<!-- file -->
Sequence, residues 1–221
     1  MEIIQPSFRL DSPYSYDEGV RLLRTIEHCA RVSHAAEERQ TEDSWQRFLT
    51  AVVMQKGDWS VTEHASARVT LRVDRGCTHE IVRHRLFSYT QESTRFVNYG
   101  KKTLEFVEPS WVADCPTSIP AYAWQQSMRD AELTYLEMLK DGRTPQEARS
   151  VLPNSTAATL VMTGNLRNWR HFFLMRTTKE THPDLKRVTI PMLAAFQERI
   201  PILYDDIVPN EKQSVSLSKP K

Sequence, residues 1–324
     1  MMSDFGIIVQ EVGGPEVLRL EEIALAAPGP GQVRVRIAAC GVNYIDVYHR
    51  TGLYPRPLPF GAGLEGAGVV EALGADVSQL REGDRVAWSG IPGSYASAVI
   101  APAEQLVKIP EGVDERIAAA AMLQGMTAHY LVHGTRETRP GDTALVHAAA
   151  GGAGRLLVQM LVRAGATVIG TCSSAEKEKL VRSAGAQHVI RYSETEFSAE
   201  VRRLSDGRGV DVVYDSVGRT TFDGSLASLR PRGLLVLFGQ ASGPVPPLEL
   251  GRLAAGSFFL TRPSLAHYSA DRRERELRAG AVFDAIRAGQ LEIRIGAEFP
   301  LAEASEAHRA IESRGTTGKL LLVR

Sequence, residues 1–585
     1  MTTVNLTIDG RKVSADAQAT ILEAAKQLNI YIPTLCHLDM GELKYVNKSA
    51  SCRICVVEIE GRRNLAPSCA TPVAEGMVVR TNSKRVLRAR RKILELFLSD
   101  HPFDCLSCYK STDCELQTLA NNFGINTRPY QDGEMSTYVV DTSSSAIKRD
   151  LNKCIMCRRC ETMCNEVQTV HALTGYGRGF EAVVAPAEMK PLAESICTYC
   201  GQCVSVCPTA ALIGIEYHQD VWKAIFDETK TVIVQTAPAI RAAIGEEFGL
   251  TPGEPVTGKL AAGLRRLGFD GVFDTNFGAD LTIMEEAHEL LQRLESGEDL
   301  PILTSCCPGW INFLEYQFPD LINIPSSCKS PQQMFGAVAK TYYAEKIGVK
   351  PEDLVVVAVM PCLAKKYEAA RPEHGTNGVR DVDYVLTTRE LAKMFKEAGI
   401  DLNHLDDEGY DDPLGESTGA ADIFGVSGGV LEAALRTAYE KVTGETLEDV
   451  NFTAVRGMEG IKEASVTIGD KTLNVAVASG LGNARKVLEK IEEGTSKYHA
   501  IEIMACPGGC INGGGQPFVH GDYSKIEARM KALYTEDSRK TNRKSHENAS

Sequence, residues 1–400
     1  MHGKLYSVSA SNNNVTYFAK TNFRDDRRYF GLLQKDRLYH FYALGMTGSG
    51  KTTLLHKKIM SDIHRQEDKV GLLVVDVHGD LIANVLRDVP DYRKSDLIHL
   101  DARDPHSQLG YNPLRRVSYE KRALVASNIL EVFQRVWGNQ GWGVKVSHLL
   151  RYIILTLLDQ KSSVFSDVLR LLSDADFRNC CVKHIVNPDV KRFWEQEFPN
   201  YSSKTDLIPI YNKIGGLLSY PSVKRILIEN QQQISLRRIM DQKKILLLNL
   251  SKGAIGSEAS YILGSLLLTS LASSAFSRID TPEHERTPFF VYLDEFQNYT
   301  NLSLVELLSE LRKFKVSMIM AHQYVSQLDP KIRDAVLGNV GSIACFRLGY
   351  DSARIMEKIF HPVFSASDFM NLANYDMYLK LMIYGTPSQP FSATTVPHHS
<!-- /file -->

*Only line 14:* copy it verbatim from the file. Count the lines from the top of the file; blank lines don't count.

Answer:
   301  LAEASEAHRA IESRGTTGKL LLVR